Of all of the movies made about the Second World War’s D-Day landings and the Allied invasion of Normandy, the most famous are undoubtedly Saving Private Ryan and The Longest Day. While Saving Private Ryan was released in 1998, some 54 years after the D-Day landings of 6 June 1944, The Longest Day was filmed in 1962, only 18 years after the invasion.
This meant that many of the men who acted in the movie had actually fought in France in the invasion. Some of the men were even asked to play their younger selves. Other actors had fought in the Pacific theater of the war.
The list of actual WWII veterans who acted in The Longest Day was not limited to American and British veterans either – German veterans of the war also played their parts. It was not just ordinary enlisted men who made up the cast either. Dwight Eisenhower was even approached to play himself in the movie, although it was ultimately decided that he had aged too much in comparison to his wartime self.
At the time it was made, The Longest Day, based on Cornelius Ryan’s 1959 novel of the same name, had an enormous budget: ten million dollars, a huge amount for the time. It was the most expensive black and white movie ever made, with this record only being broken in 1994 by Schindler’s List.
One of the main reasons it had such a massive budget was that the film’s producers and directors wanted to make the enormous battle scenes look as authentic as possible.
This commitment to authenticity extended to the actors and military advisors they hired for the roles. Indeed, some of the veterans were asked to portray people who had been in the very same missions as they had in the war. Richard Todd, for example, who plays Major Howard in the film, actually relieved Major Howard in real life at Pegasus Bridge.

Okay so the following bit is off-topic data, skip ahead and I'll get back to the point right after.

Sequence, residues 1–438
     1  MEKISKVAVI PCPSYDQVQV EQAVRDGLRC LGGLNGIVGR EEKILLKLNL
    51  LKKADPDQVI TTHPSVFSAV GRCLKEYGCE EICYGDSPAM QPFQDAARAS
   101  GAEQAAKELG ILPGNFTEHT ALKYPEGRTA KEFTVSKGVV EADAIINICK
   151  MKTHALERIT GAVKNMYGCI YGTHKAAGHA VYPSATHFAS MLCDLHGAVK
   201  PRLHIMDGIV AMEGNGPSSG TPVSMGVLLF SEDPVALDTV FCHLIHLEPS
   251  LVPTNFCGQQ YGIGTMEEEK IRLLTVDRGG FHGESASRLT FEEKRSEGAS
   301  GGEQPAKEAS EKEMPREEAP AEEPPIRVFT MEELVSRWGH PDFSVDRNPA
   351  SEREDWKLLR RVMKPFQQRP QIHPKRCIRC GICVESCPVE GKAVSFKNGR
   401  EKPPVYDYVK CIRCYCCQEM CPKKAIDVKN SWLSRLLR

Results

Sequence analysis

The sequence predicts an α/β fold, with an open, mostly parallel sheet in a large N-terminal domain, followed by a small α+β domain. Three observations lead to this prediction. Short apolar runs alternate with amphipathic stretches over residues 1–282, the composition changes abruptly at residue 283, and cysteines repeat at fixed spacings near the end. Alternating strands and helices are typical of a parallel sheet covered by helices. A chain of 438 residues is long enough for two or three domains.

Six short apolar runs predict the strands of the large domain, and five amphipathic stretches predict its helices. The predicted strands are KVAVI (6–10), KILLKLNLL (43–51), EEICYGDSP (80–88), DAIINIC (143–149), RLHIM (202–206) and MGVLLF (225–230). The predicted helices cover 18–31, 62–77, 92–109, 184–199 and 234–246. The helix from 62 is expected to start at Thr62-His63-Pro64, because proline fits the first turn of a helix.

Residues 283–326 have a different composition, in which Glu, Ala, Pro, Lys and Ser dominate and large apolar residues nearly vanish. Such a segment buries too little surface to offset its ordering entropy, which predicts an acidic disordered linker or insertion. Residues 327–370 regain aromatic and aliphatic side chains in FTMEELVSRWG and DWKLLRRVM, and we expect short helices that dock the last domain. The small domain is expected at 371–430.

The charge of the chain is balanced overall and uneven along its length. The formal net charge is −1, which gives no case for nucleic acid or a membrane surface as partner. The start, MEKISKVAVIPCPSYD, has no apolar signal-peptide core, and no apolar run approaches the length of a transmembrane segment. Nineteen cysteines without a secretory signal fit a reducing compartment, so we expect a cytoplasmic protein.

Another actor who relived his actual WWII experience for the film was Joseph Lowe. At the time of the D-Day landings, he was a 22-year-old private fighting with the 2nd Ranger Battalion, and he landed on Omaha Beach and scaled the hundred-foot-tall cliffs at Pointe Du Hoc. He climbed the exact same cliffs again eighteen years later, in front of The Longest Day‘s cameras.
There was also Donald Houston, who plays an RAF pilot – he actually was an RAF pilot during the war.
On the German side, there was Hans Christian Blech, who played the part of Major Werner Pluskat. He fought with the Wehrmacht on the Eastern Front, which was where he got the scars on his face.
The directors’ desire for authenticity meant that many of the filming locations used were actual D-Day battlefields. These included the beaches of Normandy, where the real landings took place, and the coastal town of Ste. Mère Eglise – where, apparently, the extras dressed as German troops looked so authentic that some of the older residents of the town threw stones at them!
The filmmakers spared no expense in making sure that all of the details in the movie were as historically accurate as possible. They hired an enormous number of extras, two thousand of whom were real soldiers from the British, French and American armies. They also rented four Spitfire airplanes from the Belgian Air Force, as well as two Messerschmitts from the Spanish Air Force.
Also, what was very unusual for the time, but which was again done for the sake of extreme authenticity, was scenes featuring German and French dialogue. In the original release of the firm, the scenes were shown in these languages, with subtitles.
However, the exact same scenes had also been filmed with the actors speaking in English, and these scenes later replaced the ones with the actors speaking French and German.
The film ended up being a huge hit, and was nominated for a number of awards. Some of awards it received included an Oscar for Best Special Effects and a Golden Globe for Best Black And White Cinematography.
The battle scenes were unanimously praised for both their epic scope and their realism, the latter quality of which was no doubt enhanced by hiring actors who had actually fought in the D-Day landings. The Longest Day set the bar very high for any films about World War II that would come after it, and it was only surpassed many decades later by Steven Spielberg’s superb Saving Private Ryan.